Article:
Allen D. Owings, Claesgens, Mark A., Johnson, Charles E. | 11/4/2006 4:07:30 AM
Late fall through winter in Louisiana is a great season for planting fruit trees, according to LSU AgCenter horticulturist Dr. Allen Owings. The horticulturist says several kinds of fruit trees and similar plants work well in backyard landscapes.
Options include fig, citrus, blueberry, pawpaw, pomegranate and persimmon. "Most of these can be easily grown, are low-maintenance, have nice landscape form, texture and color and provide wildlife benefits," Owings remarks.
Figs are one of the most popular fruits in Louisiana. Besides being low-maintenance, they also are one of the fruits most adapted to the Gulf States. They prefer a well-drained site but adapt to a wide range of soil conditions. The main varieties are Celeste, LSU Purple, LSU Gold and Brown Turkey.
Figs prefer full sun, but partial sun to partial shade is OK. Fruit production, however, will not be as good. Add mulch to insulate the root system during the winter and conserve soil moisture in the summer. Fertilize the trees only when they need extra nutrients. Prune the trees occasionally to keep them at a manageable height.
Citrus is becoming more and more popular, according to LSU AgCenter horticulturist Dr. Charles Johnson. "With the lack of cold winters in recent years, satsumas, kumquats and oranges have made a comeback all over the state," the horticulturist explains.
Popular satsuma varieties include Owari and Brown Select, which mature in November. Kumquats mature in late November and early to mid-December. Meiwa is a common kumquat variety. Washington naval orange is popular in South Louisiana and matures in December.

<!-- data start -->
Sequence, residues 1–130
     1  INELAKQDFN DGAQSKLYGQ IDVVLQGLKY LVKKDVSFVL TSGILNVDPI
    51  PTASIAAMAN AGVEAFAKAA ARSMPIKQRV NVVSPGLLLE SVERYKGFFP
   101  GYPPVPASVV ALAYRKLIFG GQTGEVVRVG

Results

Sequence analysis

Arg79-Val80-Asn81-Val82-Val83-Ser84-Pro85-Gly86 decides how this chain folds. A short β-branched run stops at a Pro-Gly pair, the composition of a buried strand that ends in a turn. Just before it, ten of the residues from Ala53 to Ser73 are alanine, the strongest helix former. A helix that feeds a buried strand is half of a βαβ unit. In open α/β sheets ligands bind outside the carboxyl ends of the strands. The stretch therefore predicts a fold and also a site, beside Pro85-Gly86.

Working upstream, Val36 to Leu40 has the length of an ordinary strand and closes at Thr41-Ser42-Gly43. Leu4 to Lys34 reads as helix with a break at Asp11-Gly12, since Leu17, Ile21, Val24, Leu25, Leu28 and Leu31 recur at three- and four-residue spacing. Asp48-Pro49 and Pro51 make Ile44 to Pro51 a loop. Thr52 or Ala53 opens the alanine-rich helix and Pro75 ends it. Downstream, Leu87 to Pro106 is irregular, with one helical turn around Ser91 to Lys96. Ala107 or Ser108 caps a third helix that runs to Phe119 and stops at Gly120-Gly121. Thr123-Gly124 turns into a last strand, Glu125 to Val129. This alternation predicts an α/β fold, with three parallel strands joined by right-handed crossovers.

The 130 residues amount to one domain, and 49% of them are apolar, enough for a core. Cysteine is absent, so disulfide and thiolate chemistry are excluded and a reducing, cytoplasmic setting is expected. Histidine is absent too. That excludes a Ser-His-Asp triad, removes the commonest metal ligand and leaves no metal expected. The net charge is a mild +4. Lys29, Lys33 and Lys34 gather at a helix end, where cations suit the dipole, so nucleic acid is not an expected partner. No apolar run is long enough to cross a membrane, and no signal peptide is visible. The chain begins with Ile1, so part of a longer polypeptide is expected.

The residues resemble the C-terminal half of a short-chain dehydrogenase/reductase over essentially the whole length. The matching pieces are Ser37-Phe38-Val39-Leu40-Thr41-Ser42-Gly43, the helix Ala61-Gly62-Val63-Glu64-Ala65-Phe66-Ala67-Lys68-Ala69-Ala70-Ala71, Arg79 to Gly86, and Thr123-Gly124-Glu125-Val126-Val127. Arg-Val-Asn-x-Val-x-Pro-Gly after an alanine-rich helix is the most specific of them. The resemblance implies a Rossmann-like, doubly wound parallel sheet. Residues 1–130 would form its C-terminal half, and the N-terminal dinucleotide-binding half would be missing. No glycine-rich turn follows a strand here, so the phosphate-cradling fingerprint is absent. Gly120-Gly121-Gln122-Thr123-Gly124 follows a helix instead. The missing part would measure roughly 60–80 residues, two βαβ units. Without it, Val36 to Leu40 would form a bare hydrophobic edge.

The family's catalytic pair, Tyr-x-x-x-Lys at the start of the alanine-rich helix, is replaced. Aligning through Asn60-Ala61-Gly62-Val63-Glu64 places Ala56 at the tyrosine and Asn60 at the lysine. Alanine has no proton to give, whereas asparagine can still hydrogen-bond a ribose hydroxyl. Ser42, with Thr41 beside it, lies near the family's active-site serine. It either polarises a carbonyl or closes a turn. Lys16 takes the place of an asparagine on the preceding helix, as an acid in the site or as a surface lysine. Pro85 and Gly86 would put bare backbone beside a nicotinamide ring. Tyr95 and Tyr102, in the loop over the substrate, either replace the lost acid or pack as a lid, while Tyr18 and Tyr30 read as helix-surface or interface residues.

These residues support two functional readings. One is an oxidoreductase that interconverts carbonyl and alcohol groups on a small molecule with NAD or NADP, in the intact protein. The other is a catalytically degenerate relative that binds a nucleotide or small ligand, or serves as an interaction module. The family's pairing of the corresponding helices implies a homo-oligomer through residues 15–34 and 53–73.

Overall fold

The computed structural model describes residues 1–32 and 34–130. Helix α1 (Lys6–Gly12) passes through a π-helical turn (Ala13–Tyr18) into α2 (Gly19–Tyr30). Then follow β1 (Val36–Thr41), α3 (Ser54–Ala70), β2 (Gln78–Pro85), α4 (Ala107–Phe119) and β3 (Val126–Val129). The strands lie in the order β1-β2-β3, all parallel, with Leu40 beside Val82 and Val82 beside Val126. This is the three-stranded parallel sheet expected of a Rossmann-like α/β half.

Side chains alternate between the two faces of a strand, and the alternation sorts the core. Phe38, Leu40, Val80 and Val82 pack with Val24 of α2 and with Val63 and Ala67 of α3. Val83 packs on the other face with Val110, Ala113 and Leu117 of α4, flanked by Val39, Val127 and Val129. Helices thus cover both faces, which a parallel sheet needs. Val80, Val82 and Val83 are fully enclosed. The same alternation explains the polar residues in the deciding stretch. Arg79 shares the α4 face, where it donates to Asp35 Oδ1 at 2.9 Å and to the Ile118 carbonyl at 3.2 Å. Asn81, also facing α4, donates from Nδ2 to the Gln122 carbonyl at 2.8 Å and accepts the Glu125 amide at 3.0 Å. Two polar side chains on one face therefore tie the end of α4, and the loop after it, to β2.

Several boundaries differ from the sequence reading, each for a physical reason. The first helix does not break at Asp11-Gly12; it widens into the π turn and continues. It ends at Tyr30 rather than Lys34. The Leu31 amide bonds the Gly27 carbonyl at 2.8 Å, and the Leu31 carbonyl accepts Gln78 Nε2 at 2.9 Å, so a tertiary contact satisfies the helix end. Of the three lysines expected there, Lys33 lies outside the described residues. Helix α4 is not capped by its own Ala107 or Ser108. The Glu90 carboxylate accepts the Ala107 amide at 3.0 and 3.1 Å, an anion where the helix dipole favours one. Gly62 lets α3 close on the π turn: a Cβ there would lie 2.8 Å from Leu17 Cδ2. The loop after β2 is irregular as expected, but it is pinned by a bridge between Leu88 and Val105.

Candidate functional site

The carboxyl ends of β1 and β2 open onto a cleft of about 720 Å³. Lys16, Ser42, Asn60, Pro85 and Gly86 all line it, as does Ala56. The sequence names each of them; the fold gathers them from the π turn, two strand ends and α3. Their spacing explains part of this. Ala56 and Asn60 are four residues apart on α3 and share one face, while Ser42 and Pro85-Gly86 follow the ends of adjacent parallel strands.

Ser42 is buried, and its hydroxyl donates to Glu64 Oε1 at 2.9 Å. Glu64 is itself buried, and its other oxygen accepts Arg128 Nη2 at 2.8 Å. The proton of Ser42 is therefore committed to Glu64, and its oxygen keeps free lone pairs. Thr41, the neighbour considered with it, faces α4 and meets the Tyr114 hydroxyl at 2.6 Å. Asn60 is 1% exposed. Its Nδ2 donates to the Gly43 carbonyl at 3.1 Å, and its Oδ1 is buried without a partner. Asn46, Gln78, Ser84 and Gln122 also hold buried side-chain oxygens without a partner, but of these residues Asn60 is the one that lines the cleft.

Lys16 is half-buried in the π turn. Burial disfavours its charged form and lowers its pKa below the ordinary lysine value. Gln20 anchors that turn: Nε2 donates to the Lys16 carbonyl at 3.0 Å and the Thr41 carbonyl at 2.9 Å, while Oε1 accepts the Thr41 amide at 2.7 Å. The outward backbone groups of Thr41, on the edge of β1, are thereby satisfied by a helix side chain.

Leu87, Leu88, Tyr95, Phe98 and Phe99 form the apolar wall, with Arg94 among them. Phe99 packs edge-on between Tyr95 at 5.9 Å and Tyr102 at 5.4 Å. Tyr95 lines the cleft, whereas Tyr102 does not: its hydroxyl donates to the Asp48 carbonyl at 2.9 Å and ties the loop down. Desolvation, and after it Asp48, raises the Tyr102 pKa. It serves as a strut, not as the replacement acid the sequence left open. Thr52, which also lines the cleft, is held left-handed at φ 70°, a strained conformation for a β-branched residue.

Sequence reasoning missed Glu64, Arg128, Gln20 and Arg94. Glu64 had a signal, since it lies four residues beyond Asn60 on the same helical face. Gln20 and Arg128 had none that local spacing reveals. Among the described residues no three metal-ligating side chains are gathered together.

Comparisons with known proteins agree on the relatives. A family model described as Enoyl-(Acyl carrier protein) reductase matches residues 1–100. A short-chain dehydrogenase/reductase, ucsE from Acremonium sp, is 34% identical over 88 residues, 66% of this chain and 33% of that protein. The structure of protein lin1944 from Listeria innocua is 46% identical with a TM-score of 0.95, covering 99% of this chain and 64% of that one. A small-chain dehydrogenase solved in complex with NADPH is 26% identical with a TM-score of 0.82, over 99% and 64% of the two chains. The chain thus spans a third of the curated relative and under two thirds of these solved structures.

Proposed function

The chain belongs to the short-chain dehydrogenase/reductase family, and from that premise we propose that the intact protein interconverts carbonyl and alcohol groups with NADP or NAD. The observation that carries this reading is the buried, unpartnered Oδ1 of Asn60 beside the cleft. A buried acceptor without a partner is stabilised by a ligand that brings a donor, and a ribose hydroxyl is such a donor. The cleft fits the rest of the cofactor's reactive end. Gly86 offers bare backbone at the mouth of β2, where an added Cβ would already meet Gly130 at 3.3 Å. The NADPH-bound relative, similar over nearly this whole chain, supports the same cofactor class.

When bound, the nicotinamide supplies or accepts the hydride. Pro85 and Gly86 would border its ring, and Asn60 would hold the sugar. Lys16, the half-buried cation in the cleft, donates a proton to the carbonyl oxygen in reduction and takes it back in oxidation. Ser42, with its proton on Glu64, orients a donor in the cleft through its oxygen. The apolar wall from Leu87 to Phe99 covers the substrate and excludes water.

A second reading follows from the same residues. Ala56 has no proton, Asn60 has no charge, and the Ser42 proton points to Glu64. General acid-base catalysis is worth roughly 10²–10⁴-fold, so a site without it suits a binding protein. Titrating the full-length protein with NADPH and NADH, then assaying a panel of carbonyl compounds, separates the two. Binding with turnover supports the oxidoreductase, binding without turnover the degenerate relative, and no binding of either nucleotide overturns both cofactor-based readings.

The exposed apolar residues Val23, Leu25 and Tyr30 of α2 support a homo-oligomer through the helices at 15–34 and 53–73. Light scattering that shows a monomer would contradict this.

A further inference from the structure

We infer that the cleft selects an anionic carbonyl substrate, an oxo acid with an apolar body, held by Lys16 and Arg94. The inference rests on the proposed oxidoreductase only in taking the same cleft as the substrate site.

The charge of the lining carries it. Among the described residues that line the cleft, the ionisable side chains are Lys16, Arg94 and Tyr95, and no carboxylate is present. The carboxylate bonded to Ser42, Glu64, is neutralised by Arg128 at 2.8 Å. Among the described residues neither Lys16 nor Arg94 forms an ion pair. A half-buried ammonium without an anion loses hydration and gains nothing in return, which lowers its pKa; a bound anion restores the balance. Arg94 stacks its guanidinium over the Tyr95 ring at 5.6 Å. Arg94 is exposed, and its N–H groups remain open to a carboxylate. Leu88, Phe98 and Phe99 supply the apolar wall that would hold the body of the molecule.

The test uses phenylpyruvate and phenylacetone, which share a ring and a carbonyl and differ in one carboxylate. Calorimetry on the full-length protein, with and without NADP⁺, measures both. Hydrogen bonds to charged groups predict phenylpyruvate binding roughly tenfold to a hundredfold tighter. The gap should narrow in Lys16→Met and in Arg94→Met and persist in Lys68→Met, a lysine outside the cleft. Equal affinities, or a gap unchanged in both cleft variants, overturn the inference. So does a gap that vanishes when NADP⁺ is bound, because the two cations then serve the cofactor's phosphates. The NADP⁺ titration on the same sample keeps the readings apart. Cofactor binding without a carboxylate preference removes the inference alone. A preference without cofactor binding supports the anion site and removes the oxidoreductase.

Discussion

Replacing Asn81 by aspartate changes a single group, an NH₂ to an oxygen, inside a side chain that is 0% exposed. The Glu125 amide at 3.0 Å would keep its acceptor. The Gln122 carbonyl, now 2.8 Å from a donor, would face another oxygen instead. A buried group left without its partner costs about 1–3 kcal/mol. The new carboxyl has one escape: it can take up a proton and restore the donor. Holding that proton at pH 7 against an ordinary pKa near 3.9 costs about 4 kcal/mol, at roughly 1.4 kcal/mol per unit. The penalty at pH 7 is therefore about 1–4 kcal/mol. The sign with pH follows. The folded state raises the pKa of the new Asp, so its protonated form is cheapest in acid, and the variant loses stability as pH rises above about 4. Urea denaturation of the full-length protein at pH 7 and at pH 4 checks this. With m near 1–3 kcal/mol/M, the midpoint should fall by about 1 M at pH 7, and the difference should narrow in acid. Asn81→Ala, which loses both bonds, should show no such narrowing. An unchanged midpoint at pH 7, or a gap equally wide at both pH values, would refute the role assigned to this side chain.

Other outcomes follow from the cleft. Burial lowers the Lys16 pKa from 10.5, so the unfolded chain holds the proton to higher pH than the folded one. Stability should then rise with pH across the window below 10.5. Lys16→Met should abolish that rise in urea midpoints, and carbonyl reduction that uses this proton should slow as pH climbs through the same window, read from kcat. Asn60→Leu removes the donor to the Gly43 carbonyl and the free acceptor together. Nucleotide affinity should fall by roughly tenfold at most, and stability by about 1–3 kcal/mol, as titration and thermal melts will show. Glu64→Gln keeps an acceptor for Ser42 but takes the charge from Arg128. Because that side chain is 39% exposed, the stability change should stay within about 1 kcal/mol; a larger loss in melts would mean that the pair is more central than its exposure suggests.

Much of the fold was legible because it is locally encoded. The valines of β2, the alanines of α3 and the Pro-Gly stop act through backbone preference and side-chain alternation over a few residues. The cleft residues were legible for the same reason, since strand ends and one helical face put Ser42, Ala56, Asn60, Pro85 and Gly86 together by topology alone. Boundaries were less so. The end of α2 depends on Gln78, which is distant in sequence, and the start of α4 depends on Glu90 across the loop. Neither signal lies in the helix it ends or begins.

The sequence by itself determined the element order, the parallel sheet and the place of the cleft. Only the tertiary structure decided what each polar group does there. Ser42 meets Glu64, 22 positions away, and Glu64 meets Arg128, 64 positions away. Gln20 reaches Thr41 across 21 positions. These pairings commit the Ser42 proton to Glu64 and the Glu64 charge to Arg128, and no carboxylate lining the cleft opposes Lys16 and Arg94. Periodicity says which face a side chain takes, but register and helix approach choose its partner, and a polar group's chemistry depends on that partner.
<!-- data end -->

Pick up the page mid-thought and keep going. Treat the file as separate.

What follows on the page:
Citrus need full to partial sun for best fruit production. They adapt to many soil types and to container gardening as well.
Blueberries are a low-maintenance, bush-type fruit species. These plants need acid soil, and their shallow, fibrous root systems benefit from mulch. They prefer full sun.
Recommended blueberry varieties for Louisiana include Premier, Tifblue, Climax and Brightwell. Plant two or more varieties to guarantee cross-pollination and good fruit development. Most blueberry plants will produce a good fruit crop by the third year after planting.
A popular native fruit tree that is sometimes hard to locate at garden centers is the pawpaw. This tree needs some shade to get established but can tolerate full sun after the first couple years. Flowers are maroon and appear in mid-March in South Louisiana. Fruit ripens in August to early September and is a tannish yellow with white, creamy flesh that has custard-like texture.
Persimmons for Louisiana include native and oriental varieties with the oriental being preferred. Oriental persimmon fruit is seven to10 times larger than native persimmon fruit. Oriental fruit has few to no seeds while native fruit is very seedy. Persimmons are best adapted to partial sun or partial shade. Hana Fuyu and Fuyu are popular varieties.
Pomegranates are found in old landscapes in Louisiana. They prefer cool winters and hot, dry summers. Soil moisture needs to be even. A sandy or silty soil is better than clay. Full sun is best. Shade is OK, but fruit production will be 25 percent to 50 percent less. Fruit ripens in the fall.
The most popular variety of pomegranates for Louisiana is Wonderful. This plant makes a 15-foot shrub. A few ornamental varieties of pomegranates have double flower forms.
Most retail garden centers have good availability of fruit trees from November through February. "Take advantage of this time of year to add some fruit varieties to your backyard plantings," Owings recommends.
For related gardening and landscape information, click on the Lawn and Garden link at the LSU AgCenter Web site, www.lsuagcenter.com. Also, contact the county agent in your local parish LSU AgCenter office.
On the Internet: LSU AgCenter: www.lsuagcenter.com
On the Internet: www.louisianalawnandgarden.org
Contact: Allen D. Owings (225) 578-2222 or email@example.com
Contact: Charles Johnson (225) 578-1039 or firstname.lastname@example.org
Editor: Mark Claesgens (225) 578-2939 or email@example.com